On another front, James Crump, director of the Mapplethorpe doc Black White + Gray, has finished another upcoming documentary on the artist Jordan Wolfson, entitled Spit Earth: Who Is Jordan Wolfson? and produced by Ronnie Sassoon. Though Jordan signed off on the project before filming began and fully participated in its making—to the extent that his parents and ex-girlfriend have major roles—he has since repudiated the searing psychological portrait that resulted. I find it odd that he would do so at this late stage of the film, which is presently in post-production, and which also prominently features his aunt, the infamous Fear of Flying author Erica Jong, who discusses subjects as wide-ranging as Jordan’s penis. I saw a final cut and absolutely loved it. Trust me, you will too—and not just because I figure prominently in it as well.

Jordan Wolfson isn't too happy about the inevitable release of his eponymous upcoming documentary, but I am! Screen shot courtesy of Kenny Schachter.

Jordan Wolfson isn’t too happy about the inevitable release of his eponymous upcoming documentary, but I am! Screen shot courtesy of Kenny Schachter.

Before I briefly touch upon the LA fairs themselves—about which more than enough has been said already—let me note that George Condo’s longtime lawyer, none other than my dear friend Richard Golub, has been replaced by entertainment lawyer John Eastman, Linda McCartney’s brother and Paul’s lawyer. This occurred prior to Condo being vacuumed up (like just about every other artist on earth) by Hauser & Wirth. Also, in the increasingly brutally competitive art world, the mad chase to steal Christopher Wool from his age-old but not entirely effectual gallery Luhring Augustine, was thwarted when David Zwirner had an ill-starred studio visit with Wool that floundered—the two just didn’t gel, apparently, and the meeting went nowhere.

In the same vein, the most successful art advisor on earth, Sandy Heller, lost out to Tobias Meyer when it comes to reeling in the richest whale on earth, Jeff Bezos, who could out and out buy the entire art market in any given year. (Or so I was told by the owner of one of New York’s largest galleries, who would know.) Lastly, there’s the dealer who, in a failed effort to gain admittance to Art Basel in Basel, bought an artwork from every gallery on the selection committee and still came up with yet another rejection letter.

Useful discourse at Frieze Wealth Management Lounge. Photo illustration courtesy of Kenny Schachter.

Useful discourse at Frieze Wealth Management Lounge. Photo illustration courtesy of Kenny Schachter.

Ok, onto the fairs. While I was awaiting the arrival of my Uber in front of the Beverly Hills Hotel one morning, two dealers and an art advisor insisted on cramming into my car when it arrived before theirs did—and the pushy advisor even went so far as to attempt to divert the trip to Frieze, even though I was headed to the opening of Felix. Sorry, no. Then, after I reached my destination, none of them bothered to thank me for the free ride when I exited—so I cancelled before they could reroute. Jeez. Manners must be learned from an early age.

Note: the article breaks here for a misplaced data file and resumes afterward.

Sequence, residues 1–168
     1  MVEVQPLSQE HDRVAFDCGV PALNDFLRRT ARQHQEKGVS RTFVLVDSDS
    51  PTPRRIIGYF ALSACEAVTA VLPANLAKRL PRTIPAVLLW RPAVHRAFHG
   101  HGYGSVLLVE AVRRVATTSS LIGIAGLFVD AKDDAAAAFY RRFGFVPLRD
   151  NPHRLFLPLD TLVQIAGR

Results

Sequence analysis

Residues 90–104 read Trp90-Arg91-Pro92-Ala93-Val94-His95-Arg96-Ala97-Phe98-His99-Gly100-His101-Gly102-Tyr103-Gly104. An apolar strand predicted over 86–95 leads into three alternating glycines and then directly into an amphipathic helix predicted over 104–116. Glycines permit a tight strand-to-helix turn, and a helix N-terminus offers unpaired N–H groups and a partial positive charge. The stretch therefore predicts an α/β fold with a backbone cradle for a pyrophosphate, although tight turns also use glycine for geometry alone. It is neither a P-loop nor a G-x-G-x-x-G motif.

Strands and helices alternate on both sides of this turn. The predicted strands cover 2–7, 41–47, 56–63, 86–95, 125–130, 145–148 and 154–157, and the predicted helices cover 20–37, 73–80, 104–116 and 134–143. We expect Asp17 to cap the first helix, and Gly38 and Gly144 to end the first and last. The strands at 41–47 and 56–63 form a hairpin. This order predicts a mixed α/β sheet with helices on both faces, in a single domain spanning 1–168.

Frieze LA is art-fair lite—perfect for the flighty LA mindset—and though the city is represented by a smattering of local galleries, the fair is a snooze of obvious artworks by obvious people. The smaller scale is not a bad model for fairs the world over—most of them could use a good pruning. But some things never change, and at Frieze LA, as with any other fair, a gallery’s booth was like a self-portrait of its dealer, representing the proprietor’s personality. This was most evident in the presentation of small painted rock sculptures at Galerie Eva Presenhuber (of Zürich and New York), which roped off the entire entrance to its space, barring access altogether. The booth, it turned out, was a no-go zone unless you waived checkbook in hand—a perfect analogy for the art world at large.

Leo contemplating mid-flip. The guy sells almost as much art as Hauser & Wirth, where he was seen “admiring” these Avery Singer works. Photo courtesy of Kenny Schachter.

Leo contemplating mid-flip. The guy sells almost as much art as Hauser & Wirth, where he was seen “admiring” these Avery Singer works.

PS: if fair stalwart Leonardo DiCaprio didn’t walk around like ET with a hoodie pulled over his lowered baseball cap, no one would recognize him. He was pictured in Artnet in a state of deep contemplation in front of an Avery Singer painting at Hauser’s stand, probably contemplating how best to flip the work before the transfer cleared—which wouldn’t be hard, since the art world is as celeb-obsessed as the rest of the world. He sells more art than I do.